MANAMA, BAHRAIN, AUG. 17 -- While idled Iraqi and Kuwaiti commercial ships piled up in Middle Eastern waters with nowhere to dock, the U.S. Navy today began its interdiction program aimed at enforcing U.N. economic sanctions against Baghdad.

Two U.S. Navy ships, a guided-missile cruiser and a frigate, halted two Iraqi vessels off the coast of Bahrain but allowed them to proceed after determining that they were empty, the Pentagon reported. It said the ships were not boarded.

The program, which U.S. officials say is not a blockade but could involve the use of force, began amid international bickering over the legality of the U.S. action as well as rising pressures on some of Baghdad's most important trading partners, who face potentially disastrous economic problems if the stranglehold on Iraq continues for long. Under the program, President Bush has directed the Navy, in portions of the Persian Gulf and Red Sea, to intercept ships carrying cargo to or from Iraq or Kuwait.

Shipping sources said nearly all of Iraq's fleet of about 80 tankers and cargo vessels has been stranded at sea and many ships apparently have been told to circle idly while awaiting opportunities to dock. In addition, Kuwaiti oil tankers are among dozens of vessels anchored in the southern end of the tense Persian Gulf, with no apparent intention to move anytime soon.

Saudi Arabia today turned away an Iraqi oil tanker that tried to berth at Muajjez, Saudi Arabia, the Red Sea terminus of Iraq's trans-Arabian oil pipeline, which handled about one-third of Baghdad's oil exports before U.N. sanctions turned off the spigot. Last week, another Iraqi tanker was refused entry to Muajjez by Saudi port officials.

The Iraqi tanker turned away today was reported to have returned to a position in the Red Sea not far from Muajjez, where a Norwegian supertanker and a Bulgarian cargo vessel also have been waiting for days.

Bulgaria is one of a half-dozen economically fragile, relatively neutral countries that have barter-trading arrangements with Baghdad wherein Iraq swaps oil directly for food, minerals, arms and manufactured goods. These countries, including debt-ridden Brazil and India, have relied on barter deals with Iraq to conserve scarce foreign exchange and hold down energy costs.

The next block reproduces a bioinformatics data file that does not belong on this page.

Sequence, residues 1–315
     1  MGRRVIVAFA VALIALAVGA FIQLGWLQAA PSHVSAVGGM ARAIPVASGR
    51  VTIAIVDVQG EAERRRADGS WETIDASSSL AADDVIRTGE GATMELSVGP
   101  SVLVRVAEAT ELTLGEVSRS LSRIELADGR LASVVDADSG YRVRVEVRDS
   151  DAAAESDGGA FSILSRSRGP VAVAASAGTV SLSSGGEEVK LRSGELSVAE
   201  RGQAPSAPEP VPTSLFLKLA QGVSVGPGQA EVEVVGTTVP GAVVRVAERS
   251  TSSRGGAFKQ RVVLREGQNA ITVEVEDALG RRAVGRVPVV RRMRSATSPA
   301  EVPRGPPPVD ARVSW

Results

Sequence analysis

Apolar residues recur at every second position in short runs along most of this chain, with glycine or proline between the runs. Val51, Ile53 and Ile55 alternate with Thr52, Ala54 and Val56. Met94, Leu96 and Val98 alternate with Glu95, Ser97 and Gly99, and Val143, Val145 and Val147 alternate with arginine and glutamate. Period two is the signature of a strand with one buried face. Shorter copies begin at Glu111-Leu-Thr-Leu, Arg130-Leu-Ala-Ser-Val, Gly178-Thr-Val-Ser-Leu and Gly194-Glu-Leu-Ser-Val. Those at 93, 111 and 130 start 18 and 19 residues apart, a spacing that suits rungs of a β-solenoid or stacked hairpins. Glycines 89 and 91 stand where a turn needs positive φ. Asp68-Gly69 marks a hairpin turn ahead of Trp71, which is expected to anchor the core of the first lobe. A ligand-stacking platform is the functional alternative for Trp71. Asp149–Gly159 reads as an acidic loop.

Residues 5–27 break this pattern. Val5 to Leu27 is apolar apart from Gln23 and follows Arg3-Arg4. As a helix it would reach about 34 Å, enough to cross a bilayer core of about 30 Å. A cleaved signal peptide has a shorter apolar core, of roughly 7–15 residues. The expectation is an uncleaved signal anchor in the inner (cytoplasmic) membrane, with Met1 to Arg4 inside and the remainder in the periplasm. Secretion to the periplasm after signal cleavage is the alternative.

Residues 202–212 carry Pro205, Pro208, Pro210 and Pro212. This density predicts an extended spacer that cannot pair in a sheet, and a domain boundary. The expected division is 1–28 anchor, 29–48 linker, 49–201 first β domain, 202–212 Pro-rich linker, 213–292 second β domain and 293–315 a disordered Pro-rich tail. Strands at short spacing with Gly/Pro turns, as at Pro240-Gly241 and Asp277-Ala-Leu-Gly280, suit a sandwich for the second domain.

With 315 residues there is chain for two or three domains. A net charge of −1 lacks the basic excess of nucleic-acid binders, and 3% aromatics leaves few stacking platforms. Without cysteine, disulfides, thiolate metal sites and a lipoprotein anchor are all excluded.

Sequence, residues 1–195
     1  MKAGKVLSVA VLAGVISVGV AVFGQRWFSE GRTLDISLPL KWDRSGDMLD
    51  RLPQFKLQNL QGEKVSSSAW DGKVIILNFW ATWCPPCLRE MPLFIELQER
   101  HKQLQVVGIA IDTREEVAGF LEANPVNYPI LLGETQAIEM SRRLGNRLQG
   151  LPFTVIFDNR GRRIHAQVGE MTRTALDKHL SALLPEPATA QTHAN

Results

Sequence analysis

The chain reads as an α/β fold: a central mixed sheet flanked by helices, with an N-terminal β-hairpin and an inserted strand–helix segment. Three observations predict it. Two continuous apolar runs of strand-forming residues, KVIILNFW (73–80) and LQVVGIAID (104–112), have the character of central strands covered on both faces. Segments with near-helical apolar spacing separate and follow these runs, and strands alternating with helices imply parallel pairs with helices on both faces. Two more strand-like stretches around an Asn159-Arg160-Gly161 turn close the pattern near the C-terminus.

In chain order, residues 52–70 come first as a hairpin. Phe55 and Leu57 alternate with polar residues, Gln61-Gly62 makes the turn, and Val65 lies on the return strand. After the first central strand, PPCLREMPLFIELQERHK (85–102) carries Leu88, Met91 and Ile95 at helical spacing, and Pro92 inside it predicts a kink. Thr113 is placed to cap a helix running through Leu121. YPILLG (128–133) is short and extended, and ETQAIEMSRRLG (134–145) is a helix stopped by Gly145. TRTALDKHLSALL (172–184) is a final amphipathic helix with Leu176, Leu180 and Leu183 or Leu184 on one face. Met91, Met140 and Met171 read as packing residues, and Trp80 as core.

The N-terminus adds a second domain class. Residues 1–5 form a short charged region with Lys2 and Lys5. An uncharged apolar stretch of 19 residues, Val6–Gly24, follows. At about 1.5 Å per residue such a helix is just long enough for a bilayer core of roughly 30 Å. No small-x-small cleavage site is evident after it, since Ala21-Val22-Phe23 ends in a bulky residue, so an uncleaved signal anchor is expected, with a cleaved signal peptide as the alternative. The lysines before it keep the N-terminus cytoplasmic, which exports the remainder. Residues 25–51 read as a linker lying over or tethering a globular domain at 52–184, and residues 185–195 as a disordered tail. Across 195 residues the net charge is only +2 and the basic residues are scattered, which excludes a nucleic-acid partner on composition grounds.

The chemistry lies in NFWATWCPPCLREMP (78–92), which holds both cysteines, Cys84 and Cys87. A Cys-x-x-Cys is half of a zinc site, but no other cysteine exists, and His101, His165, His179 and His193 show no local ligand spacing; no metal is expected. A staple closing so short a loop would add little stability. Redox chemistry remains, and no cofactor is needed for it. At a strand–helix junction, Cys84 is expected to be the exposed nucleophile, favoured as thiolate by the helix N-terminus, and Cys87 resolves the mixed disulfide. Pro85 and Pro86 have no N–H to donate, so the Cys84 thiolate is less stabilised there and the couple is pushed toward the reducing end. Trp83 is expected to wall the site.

U.S. officials have tried to assure vulnerable countries that the United States will do what it can to defray the impact of its enforcement of U.N. sanctions against Iraq, but the list of needy cases is long and the potential costs are enormous.

India has only enough foreign exchange on hand to cover two months' worth of imports and could see that reserve dwindle quickly if it must use cash to replace Iraqi oil supplies at higher world prices, according to Indian officials. For Brazil, too, Iraq was the most important source of oil to an economy trying to overcome hyperinflation through the radical introduction of free-market conditions.

While both India and Brazil have pledged to abide by the sanctions, their commitment might wilt under domestic economic pressures, according to government officials, diplomats and shipping executives in the gulf. Such nonaligned countries might be motivated to dodge sanctions particularly if the U.S. naval interdiction program is seen as excessive or in violation of U.N. rules.

Already there has been public questioning of the decision by the United States and Britain to forcibly intercept commercial vessels headed to or from Iraq or Kuwait. France has said it will not intercept suspected Iraqi trading vessels unless it is authorized to do so by the U.N. Security Council.

While the sanctions against Iraq authorized by a 13-to-0 vote in the Security Council do not authorize force, the Pentagon is relying on a written request from the exiled Kuwaiti government to block trade with Iraq and occupied Kuwait, as well as on Chapter 51 of the U.N. Charter, which allows member states -- in this case, Kuwait -- to use force in self-defense.

The oil-rich but militarily vulnerable gulf states appear to fully support the U.S. and British interdiction programs. "Maybe there's a slight confusion, but whatever they say in public, everyone knows the Americans have been leading the way to safeguard the international waters of the gulf," said a senior official of one gulf state. "It's nobody's idea of a picnic, but it's necessary."

With shipping insurance rates soaring, dozens of commercial vessels anchored or circling idly in the gulf and warships from several Western countries arriving to carry out missions they do not fully agree on, the mood at sea these days is both apprehensive and bewildered, according to several commercial ship captains.

One concern is whether the rules of engagement promulgated by the Pentagon Thursday will lead U.S. naval commanders to use excessive force or so bog them down in regulatory constraints that they are unable to effectively control ships attempting to break the sanctions.

According to a U.S. Navy spokesman in the gulf, the rules of engagement, which the Navy will discuss only in general terms, authorize the "minimum force necessary" to enforce the U.N. sanctions. But the spokesman said the interpretation of that phrase will depend in large part on the judgments of individual Navy commanders. "You take the science of naval warfare and combine it with the political art to come up with guidelines," said spokesman Lt. Cmdr. Ron Morse. "There are questions that are difficult to resolve, but I don't see so many of those."

Commercial ship captains in the gulf say that while they are concerned about the scope of the U.S. program, they are buoyed by their past dealings with U.S. warships that escorted Kuwaiti oil tankers through the Persian Gulf during the Iran-Iraq war.